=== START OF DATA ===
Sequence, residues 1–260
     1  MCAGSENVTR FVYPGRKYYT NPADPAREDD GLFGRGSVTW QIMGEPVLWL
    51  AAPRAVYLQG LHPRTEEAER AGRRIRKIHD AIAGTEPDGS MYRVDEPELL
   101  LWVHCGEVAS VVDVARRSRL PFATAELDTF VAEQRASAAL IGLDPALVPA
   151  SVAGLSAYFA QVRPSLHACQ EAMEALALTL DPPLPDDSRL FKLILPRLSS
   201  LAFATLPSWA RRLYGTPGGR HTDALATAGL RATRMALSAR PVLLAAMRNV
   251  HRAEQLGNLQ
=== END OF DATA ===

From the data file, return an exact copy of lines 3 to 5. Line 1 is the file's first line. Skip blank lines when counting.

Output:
    51  AAPRAVYLQG LHPRTEEAER AGRRIRKIHD AIAGTEPDGS MYRVDEPELL
   101  LWVHCGEVAS VVDVARRSRL PFATAELDTF VAEQRASAAL IGLDPALVPA
   151  SVAGLSAYFA QVRPSLHACQ EAMEALALTL DPPLPDDSRL FKLILPRLSS